At the end of the first practice, Jammal Lord headed toward midfield to confer with fellow coaches when an Omaha Concordia senior yelled his way.
It was Brandon Bonsell, who had recently checked out some of Lord's old highlight clips. He saw how the former Nebraska quarterback darted around, running between and through defenders.
“Hey, coach!” Bonsell yelled, as Lord turned to him. “Could anybody ever tackle you?”
It was a serious question from Bonsell, a lineman who likely will play offense and defense this fall for the Mustangs. “Oh my goodness,” Bonsell continued, “you broke like 20 tackles. I want to be like you!”
Lord laughed, jogged up to one of the team's veterans and whispered his secret. “I wanted to score every play,” he said.
A decade removed from Husker stardom, Lord spent Monday afternoon telling jokes, firing passes and offering words of coaching advice to Bonsell and his teammates as Concordia, a private Class C-1 school in west Omaha, opened preseason football drills under first-year coach Steve Warren and his star-studded group of assistants.
It's no wonder Bonsell has been so fired up this week. Same goes for senior Ben Fletcher, who emphatically informed the team after Wednesday's practice that he's raising the expectations. Every senior — Pearce Davis, Ben Potter, Daniel Combs, Micah Schwanke, Tyler Raabe and Connor Raabe — could be heard this week chiming in with encouraging or motivational words at practice.
“We're extremely privileged,” Bonsell said. “We feel something different.”
Credit their new coaches.
There's Lord, the starter at quarterback for the Huskers in 2002 and 2003. Former NU players Tony Veland and DeAntae Grixby were on hand for Monday's practice. Omaha Beef quarterback James McNear is the offensive coordinator. Mike Horacek, a former Iowa State receiver and Arena Football League player, is on staff.
There are plenty of others, too. Warren, the ex-Husker lineman and former Green Bay Packer, is in charge of Concordia football now, but he's already invited anyone helping with his athlete training and development organization (Warren Academy) to stop by his new gig. Representatives of Warren's mentoring program (D.R.E.A.M. Omaha) are welcome, as well.
“A lot of guys that played can't coach,” Warren said. “I want guys that I know can coach.”
His players, eager for a turnaround, are open to any instruction they can get. They've found support coming from all corners.
Two months ago, Warren called on colleague Khari Reynolds, Warren Academy director of athletic performance and a 1997 Husker letterman, to design a strength and conditioning program for his guys, who previously were working out on their own.
A summer-long fundraising effort by parents, totaling about $20,000, has made it possible for Warren to make his hires. The donations will also help pay for rented lights at Concordia's field, so the Mustangs will no longer play their games at a nearby elementary school.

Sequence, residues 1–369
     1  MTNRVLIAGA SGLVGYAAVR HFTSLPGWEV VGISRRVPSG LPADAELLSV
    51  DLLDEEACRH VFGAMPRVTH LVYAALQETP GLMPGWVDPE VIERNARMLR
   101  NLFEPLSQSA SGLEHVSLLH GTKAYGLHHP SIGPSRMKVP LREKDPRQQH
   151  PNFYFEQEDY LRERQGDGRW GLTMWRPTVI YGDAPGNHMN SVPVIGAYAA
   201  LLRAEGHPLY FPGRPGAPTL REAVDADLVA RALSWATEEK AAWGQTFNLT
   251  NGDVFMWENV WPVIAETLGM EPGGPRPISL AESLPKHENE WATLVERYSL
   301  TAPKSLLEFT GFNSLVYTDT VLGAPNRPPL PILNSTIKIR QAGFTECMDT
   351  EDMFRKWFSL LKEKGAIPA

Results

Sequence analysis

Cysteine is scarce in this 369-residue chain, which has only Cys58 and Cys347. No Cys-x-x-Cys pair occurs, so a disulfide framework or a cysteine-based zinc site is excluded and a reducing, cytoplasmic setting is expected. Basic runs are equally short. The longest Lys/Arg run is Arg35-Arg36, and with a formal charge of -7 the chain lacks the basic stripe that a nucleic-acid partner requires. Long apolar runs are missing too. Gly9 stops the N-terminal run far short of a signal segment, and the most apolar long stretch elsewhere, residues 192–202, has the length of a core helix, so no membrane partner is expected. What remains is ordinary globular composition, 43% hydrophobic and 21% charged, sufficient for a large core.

Concordia also has a new gymnasium, a project that included the addition of a weight room. The complex opened this summer.
“I was asked to come over and help change the culture,” Warren said. “But that's a lot, doing that. We were going to need support from parents and the administration. Everyone's bought in.”
Warren is the Mustangs' third coach in four years. Concordia, which opened to seventh-, eighth- and ninth-graders in 2001, sponsored an eight-man football team until 2012.
The Mustangs didn't win a game in eight tries last year. They lost by single digits once. They've lost 15 straight games dating to a double-overtime win against Cedar Bluffs in the 2011 opener.
But no one's talking about the past at Concordia.
Not with guys like Lord, now 32, who still possesses an athlete's frame and combines the experience of a player and coach.
Lord is back in Nebraska because he called Warren this summer, randomly asking if his old college buddy needed help with any of his endeavors.
It just so happened that Warren had accepted the Concordia job a few days after Memorial Day and was still scrambling to put everything together. Lord had been coaching at his alma mater, Bayonne (N.J.) High School, the past four years.
“I love kids, working with them, helping them out,” said Lord, who plans to go apartment shopping next week. “This was perfect timing.”
Lord looked like a natural on the practice field this week. In his interactions with the players, the former Houston Texans defensive back mixed serious teaching points — how a safety properly turns and runs — with fun side tips to lighten the mood — how to bounce a football straight up off the grass.
But his most-repeated lesson seemed to fit his old nature as a player.
“Score!” Lord said to anyone who touched the football.